Never Trust a Viral Prayer
A reader recently forwarded a rip-roaring e-mail titled "In Defense of Prayer." It circulates widely on the Web, is attributed to CBS commentator Andy Rooney and apparently originated as a defense of team prayer at football games.
"Keep this going around the globe," read one of the forwarding messages.
"Folks, this is the Month that we RE-TAKE AMERICA!" read another.
Seeing as I don't think America is being held hostage by anyone, this e-mail seemed like a warning: The Christians are mad as hell, and they aren't going to take it anymore!
Which is a little confusing for this happy-as-can-be Christian, but never mind.
"I don't believe in Santa Claus," the essay begins, "but I'm not going to sue somebody for singing a Ho-Ho-Ho song in December."
You see where this is going.
"This is the United States of America, a country founded on Christian principles. ... Christian churches outnumber all others better than 200-to-1. So what would you expect — somebody chanting Hare Krishna?"
"If I went to a football game in Jerusalem I would expect to hear a Jewish prayer." Ditto for Muslims praying over soccer in Baghdad, Buddhists praying over pingpong in China. Because, you know, they all get along in those countries and nobody ever fights about religion.
Crescendo: "Christians are just sick and tired of turning the other cheek while our courts strip us of all our rights. ... Our Bible tells us to pray without ceasing. Now a handful of people and their lawyers are telling us to cease praying.
"God, help us. And if that last sentence offends you, well, just sue me."
Pretty powerful, coming from Andy Rooney and all.
There's only one problem: Andy Rooney didn't write it. Nor did Paul Harvey, who also is often misidentified as the author.
Snopes.com, a great Web site for debunking rumors, explained that most of the essay was written by Nick Gholson, a sports writer for a small newspaper in Texas. Most people don't know Gholson, so — poof — buh-bye, Gholson, hello, Andy Rooney.
Sort of an upgrade for God, except I'm thinking he doesn't need it.
The e-mail arrived just after I'd read writer Zev Chafets' thoughtful article about prayer in last Sunday's New York Times Magazine.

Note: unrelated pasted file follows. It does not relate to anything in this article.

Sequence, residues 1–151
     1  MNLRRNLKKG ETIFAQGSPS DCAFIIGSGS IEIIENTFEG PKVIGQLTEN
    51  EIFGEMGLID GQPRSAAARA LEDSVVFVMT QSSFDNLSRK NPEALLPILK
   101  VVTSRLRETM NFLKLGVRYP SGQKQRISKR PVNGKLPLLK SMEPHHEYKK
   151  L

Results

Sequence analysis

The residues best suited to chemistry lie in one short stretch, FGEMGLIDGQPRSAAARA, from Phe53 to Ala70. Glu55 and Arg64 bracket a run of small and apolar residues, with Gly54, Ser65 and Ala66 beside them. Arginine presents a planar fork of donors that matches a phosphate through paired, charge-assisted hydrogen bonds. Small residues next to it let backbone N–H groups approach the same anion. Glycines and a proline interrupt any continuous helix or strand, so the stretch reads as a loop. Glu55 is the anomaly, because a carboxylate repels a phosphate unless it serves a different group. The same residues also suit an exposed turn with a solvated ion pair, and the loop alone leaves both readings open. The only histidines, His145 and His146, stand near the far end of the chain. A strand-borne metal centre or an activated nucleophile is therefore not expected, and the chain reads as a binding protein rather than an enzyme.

It's a challenging piece, in part because Chafets quotes so many religious leaders with different ideas about how to pray.
Is a prayer stronger in a group? Does God hear traditional prayers better than those of our own creation? Is prayer intuitive, or do we need the "experts" to guide us?
My favorite observation came from Rabbi Marc Gellman: "But really, when you come right down to it, there are only four basic prayers. Gimme! Thanks! Oops! and Wow!"
Chafets cited a recent study by the Pew Forum showing that 75 percent of Americans pray at least once a week.
But only 39 percent of those Americans attend worship services once a week or more. I wonder whether stuff like the bogus Andy Rooney "prayer" is part of the reason.
Religion has become the weapon of choice for many people in this country, particularly the far right, and it's alienating a growing number of Americans. A lot of us don't buy into a version of God who picks sides, not between good and evil, but between Democrats and Republicans. We don't believe God cherry-picks religions, either.
On Monday, I talked to a pastor who is also a dear friend. I bombarded her with questions, including this one: "Do we really need a set of rules or an intermediary for God to hear us?"
She smiled and shared a version of a Jewish tale about a simple farmer who failed to get to temple on time for prayers he could not recite on his own.
He bowed his head and prayerfully recited the alphabet.
"God," he said, "I trust you to put the letters in the right place."
For me, that's far more inspiring than an e-mail that never was written by Andy Rooney.
Connie Schultz is a Pulitzer Prize-winning columnist for The Plain Dealer in Cleveland and the author of two books from Random House, "Life Happens" and "... and His Lovely Wife." She is a featured contributor in a recently released book by Bloomsbury, "The Speech: Race and Barack Obama's 'A More Perfect Union.'" To find out more about Connie Schultz (email@example.com) and read her past columns, please visit the Creators Syndicate Web page at www.creators.com.
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